Microsoft has an event coming up on March 30 which is expected to include information about "Teams for Life", but ahead of the moment, a lot of remote collaboration services are booming. From Zoom, Slack, and even Microsoft's own Teams, numbers are on the rise for all these services across the board.
Starting first with Microsoft Teams, on its third birthday last week, Microsoft reported that Teams was up to 44 million daily active users. The company also claimed that the number went up by 12 million in just one week alone, mainly due to the rise of more workers heading online due to the Coronavirus crisis. While not confirmed, that could be in part thanks to Microsoft offering 6 months of Teams free and cutting back on some of the restrictions of the free tier of the service.
Microsoft also originally marked the moment by announcing some new features for Teams. These range from real-time noise suppression during calls, a new raise hand feature, and the ability to pop out chats. Features aside, looking at just the numbers, this is quite the difference. Last, in November 2019, Teams was only at the 20 million daily active users mark.
As for Microsoft's biggest competitor, Slack, it was last reported on March 19 that it added 7,000 new customers between the periods of February 1 and March 18. That's an increase from the last quarter, where it was reported that 5,000 customers were added. CEO of Slack, Stewart Butterfield also explained on Twitter how Slack has seen an increase in simultaneously connected users. As an example, on Tuesday. March 10, Slack hit 10 million simultaneously users, but as of March 25, the number climbed to roughly 12.5 million.
Much like Microsoft, Slack marked its moment by announcing a simpler and cleaner look, some of which were inspired by Microsoft Teams. Areas seeing changes include the navigation bar, ways to find conversations, files, apps, starting messages, organizing channels, and shortcuts.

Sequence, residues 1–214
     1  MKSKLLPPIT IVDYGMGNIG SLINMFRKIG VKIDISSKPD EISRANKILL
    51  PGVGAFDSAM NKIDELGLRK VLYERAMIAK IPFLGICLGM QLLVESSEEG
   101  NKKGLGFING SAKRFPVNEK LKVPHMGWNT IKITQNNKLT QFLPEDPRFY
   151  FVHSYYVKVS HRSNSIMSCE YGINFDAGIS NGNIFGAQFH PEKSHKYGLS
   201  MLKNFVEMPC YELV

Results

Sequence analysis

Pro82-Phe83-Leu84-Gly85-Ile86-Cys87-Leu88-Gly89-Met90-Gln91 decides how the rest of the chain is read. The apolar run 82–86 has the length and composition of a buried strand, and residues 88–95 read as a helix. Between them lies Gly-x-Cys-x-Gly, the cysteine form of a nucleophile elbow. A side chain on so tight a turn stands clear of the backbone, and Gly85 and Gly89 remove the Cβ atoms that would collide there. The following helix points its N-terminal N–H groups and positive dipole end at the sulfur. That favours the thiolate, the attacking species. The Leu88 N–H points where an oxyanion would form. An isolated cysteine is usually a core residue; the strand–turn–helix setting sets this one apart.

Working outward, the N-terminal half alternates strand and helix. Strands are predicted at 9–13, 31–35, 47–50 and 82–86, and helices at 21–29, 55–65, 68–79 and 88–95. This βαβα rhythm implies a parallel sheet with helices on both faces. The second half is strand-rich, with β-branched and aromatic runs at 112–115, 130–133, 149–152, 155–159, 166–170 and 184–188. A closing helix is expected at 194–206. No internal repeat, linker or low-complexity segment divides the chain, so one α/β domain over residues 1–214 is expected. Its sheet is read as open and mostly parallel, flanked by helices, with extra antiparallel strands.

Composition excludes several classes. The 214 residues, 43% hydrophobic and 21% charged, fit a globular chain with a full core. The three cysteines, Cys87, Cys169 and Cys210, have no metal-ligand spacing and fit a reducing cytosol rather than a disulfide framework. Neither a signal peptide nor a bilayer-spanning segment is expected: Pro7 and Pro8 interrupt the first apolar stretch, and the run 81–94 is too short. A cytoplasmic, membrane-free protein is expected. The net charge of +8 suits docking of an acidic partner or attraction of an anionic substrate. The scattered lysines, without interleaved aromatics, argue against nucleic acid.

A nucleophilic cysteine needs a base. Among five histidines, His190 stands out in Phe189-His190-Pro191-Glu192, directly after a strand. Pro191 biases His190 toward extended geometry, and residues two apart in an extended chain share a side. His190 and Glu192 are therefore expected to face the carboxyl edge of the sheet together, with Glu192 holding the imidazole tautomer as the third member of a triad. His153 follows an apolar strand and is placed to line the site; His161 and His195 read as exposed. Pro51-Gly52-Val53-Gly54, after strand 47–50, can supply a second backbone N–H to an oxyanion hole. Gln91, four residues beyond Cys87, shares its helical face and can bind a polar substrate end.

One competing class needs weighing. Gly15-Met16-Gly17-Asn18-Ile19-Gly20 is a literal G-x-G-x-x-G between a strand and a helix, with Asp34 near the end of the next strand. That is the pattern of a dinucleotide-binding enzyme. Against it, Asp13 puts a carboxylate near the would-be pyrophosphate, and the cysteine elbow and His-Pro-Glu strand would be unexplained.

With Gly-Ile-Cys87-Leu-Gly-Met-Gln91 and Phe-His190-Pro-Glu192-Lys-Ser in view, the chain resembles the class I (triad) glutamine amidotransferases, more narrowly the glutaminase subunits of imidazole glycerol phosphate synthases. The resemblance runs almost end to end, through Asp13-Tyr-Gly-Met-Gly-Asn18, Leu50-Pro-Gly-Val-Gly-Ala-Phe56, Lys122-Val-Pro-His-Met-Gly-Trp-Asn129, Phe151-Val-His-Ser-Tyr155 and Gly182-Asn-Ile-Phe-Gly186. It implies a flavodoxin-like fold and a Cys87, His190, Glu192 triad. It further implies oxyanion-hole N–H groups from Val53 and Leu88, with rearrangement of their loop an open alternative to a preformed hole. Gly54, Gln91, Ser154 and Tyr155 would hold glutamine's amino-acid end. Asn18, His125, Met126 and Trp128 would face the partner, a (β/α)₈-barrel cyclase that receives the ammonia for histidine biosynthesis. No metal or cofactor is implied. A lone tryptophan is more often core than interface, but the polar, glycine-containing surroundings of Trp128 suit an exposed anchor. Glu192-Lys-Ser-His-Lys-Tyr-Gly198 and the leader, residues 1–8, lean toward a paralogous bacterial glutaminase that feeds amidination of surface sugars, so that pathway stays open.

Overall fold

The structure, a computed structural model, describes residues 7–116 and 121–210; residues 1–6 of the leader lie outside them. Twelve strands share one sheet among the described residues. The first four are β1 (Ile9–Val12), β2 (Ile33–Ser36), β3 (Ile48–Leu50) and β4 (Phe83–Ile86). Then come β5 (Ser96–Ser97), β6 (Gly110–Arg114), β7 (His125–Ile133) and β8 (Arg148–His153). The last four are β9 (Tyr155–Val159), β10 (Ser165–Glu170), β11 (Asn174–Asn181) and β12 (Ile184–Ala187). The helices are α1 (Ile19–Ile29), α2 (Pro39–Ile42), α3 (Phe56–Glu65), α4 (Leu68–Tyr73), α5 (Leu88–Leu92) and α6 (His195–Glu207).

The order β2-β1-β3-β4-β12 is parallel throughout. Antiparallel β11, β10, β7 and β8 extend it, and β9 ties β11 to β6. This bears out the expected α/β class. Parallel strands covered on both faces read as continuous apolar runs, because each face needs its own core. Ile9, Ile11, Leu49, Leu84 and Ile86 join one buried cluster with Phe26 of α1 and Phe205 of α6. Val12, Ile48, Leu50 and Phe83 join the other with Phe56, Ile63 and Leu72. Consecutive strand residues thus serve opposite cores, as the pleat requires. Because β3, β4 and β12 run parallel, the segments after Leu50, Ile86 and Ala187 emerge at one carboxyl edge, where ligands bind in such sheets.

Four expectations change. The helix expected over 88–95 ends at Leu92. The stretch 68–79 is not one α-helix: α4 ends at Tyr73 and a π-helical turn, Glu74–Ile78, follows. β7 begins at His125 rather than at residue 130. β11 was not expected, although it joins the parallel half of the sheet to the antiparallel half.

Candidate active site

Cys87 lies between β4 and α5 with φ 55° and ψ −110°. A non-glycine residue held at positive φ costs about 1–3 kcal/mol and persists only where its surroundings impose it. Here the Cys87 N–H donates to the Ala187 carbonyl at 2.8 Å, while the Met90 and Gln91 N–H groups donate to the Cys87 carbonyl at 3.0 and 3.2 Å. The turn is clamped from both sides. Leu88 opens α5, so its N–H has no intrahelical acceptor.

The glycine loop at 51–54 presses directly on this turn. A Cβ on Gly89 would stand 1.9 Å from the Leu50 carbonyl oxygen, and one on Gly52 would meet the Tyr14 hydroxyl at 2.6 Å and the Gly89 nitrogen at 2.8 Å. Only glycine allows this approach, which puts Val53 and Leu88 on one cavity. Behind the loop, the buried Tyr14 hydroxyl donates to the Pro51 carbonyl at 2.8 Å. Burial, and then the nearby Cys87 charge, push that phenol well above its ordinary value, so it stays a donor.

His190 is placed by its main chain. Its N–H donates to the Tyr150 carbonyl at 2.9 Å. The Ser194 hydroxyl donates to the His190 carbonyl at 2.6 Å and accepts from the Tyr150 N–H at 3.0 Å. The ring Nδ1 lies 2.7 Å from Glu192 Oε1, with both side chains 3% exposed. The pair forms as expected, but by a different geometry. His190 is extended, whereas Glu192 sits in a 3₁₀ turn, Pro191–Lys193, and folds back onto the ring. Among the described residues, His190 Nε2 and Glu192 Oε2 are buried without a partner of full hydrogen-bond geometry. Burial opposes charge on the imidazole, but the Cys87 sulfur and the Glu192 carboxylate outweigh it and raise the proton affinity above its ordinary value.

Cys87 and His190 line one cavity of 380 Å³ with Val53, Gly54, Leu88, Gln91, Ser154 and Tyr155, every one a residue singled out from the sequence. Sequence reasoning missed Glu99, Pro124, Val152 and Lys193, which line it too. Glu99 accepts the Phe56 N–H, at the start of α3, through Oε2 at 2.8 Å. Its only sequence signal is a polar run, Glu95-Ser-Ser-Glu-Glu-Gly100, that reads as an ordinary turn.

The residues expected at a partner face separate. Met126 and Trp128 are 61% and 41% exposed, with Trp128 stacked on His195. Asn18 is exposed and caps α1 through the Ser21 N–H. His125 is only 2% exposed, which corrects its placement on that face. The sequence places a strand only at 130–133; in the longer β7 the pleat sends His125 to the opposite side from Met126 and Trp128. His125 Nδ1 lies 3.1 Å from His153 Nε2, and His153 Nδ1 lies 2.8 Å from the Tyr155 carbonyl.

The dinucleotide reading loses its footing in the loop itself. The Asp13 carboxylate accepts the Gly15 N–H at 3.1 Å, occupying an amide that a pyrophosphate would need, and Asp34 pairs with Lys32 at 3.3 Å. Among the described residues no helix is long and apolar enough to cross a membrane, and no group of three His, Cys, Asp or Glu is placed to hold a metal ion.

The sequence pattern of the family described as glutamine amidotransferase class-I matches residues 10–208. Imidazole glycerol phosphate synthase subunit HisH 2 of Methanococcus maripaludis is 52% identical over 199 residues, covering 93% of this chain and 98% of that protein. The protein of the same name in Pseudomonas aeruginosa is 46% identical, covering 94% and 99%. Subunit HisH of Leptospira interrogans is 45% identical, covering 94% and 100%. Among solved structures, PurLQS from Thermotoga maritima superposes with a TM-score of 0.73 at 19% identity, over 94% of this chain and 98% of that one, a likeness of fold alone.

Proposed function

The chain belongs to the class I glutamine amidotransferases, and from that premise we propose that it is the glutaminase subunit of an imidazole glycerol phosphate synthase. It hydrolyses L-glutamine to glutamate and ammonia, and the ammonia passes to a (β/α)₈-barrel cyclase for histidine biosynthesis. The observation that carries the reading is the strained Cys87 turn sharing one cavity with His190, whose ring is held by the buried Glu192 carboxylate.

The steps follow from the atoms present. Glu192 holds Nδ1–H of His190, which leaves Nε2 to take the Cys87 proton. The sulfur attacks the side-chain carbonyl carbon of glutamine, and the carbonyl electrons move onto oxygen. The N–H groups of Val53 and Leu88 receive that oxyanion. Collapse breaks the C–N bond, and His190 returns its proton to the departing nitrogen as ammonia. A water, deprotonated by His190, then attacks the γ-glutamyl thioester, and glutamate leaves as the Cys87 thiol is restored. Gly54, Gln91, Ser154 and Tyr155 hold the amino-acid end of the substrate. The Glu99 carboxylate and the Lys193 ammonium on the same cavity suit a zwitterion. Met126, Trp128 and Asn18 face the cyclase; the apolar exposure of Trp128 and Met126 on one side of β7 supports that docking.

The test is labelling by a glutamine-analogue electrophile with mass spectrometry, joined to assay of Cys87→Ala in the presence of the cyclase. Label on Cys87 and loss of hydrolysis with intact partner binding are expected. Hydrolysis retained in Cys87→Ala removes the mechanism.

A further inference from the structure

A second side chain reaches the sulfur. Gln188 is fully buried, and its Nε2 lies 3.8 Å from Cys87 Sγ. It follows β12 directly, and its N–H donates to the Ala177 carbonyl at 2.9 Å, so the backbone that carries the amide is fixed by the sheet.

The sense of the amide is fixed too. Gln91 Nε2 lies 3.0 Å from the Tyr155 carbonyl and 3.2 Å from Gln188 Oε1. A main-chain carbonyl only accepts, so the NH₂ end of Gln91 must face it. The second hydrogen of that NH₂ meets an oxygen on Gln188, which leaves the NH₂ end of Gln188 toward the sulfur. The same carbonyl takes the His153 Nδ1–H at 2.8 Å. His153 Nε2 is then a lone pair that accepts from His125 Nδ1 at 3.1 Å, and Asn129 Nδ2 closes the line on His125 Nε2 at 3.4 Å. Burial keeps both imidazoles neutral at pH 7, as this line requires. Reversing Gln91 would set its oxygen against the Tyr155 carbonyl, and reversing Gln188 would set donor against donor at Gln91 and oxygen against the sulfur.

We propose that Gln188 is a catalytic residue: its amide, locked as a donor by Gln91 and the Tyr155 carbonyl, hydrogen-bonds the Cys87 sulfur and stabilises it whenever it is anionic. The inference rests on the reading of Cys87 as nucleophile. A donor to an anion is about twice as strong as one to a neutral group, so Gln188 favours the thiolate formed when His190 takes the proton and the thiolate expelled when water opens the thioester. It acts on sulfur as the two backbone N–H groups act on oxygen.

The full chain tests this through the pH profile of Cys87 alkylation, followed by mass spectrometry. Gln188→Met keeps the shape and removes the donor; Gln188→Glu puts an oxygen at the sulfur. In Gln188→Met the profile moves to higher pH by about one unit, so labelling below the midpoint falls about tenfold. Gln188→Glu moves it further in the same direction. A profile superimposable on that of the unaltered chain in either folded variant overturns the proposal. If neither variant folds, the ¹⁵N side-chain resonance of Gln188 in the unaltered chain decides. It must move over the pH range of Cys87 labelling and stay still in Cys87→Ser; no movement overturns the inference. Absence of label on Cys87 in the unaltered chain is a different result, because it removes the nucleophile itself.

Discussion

Finally, there is Zoom. This video conferencing collaboration service isn't really much talked about in comparison to Slack or Teams, but it apparently has been seen as a threat to Microsoft. According to numbers from research analysts (via CNBC), Zoom added up to 2.2 million monthly active users in 2020, whereas in 2019, it only added 1.99 million.
Even downloads of Zoom's app have soared, going from close to 170,000 to near 2 million as of March 25 (via Venturebeat.) It also came close to the 13 million monthly active user mark, heading into Slack and Microsoft's territory. Perhaps fueled by all this popularity, Zoom is even on its way to an IPO.
Looking at the current market, with this upcoming event, Microsoft clearly has things in its favor for productivity and remote collaboration. Its widely believed we could be seeing a consumer version of Teams called "Teams for Life" as well as some extras like a Grammarly-like editor, a family-safety app for iOS and Android, and a new "Microsoft 365" subscription for consumers. As Coronavirus changes the way we live, these services are needed more than ever.